In the recent years, both in the public and scientific arenas, the truthfulness of Science has become an important point of debate. Within the scientific community, there is a growing awareness of problems in the way research is organised. Controversial issues include poor reproducibility of findings, competition between scientists and journals for high impact papers, the race for ‘first findings’, the role of the funding system and the influence of different commercial interests. Unfortunately, even in science, there is also the case of fraud. It is broadly recognised that science needs to be(come) trustworthy (again). Currently, research and government organisations are adapting policies towards ‘open science’, reproducibility and scientific integrity. Clearly, systemic change is complex and new dilemmas arise in this transformation process.
Simultaneously, society appears more sceptical towards scientific facts than before. This has been especially visible in the latest developments regarding the coronavirus, in which the public is asked to trust in the science being delivered to them in the form of containment measures or vaccines, and a growing number of people find these to not be trustworthy enough. Politicians, opinion makers and the general public may have trouble recognising fact from fiction and ‘alternative facts’ are used to support different agendas. Important issues include climate change, nature conservation, child vaccination, food safety, human migration, income inequality and medical issues such as the recent spread of the coronavirus. Politicians, administrators and commercial parties can be selective in what they accept as fact, or may sometimes actively manipulate the way results of scientific research are presented.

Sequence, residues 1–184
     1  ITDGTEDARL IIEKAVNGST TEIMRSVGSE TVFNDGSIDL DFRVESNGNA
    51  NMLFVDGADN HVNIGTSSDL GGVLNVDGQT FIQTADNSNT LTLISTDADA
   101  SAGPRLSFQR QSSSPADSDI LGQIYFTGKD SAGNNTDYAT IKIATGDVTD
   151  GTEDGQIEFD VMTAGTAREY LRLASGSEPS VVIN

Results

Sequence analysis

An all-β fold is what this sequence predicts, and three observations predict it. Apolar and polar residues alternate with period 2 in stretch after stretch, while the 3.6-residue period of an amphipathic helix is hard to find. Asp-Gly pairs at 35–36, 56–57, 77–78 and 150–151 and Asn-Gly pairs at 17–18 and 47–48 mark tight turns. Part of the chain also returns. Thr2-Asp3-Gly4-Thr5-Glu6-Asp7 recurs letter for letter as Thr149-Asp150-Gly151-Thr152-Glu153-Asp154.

The symposium focuses on two themes that are crucial for the credibility and impact of science in society:
Organization of science: What methodology and criteria does the scientific community accept as yielding valid (trustful) results? What mechanisms play a role in selecting relevant research topics? What mechanisms are, or should be, put in place to prevent the emergence of ‘false facts’ and abuse? What does that mean for individual careers and funding policies?
Communication of scientific findings (‘the truth’) to society: At the levels of international agencies, national and regional governments, and the general public. How can this be done objectively and with impact in a world in which communication and decision-making is often more about sentiments and opinions, than about facts? And on a more fundamental level; does ‘the truth’ exist at all, or is it time-, place- and person-dependent?
In a one-day program on the 1st of November 2021 in Groningen, these issues will be covered by experts in their fields in plenary lectures as well as interactive workshops. Confirmed speakers include John Ioannidis, Eric-Jan Wagenmakers and others.
‘Nothing but the Truth’ aims to especially inform researchers who are in early stages of their careers about these important topics and provide input to form their own values and opinions. Based on the discussions during the meeting, the organizers would welcome the formulation of a general statement about the use of data as data, facts as facts and how we can maintain and strengthen trust and societal impact of academia.
'Nothing but the Truth'
BCN symposium on trust and truth in science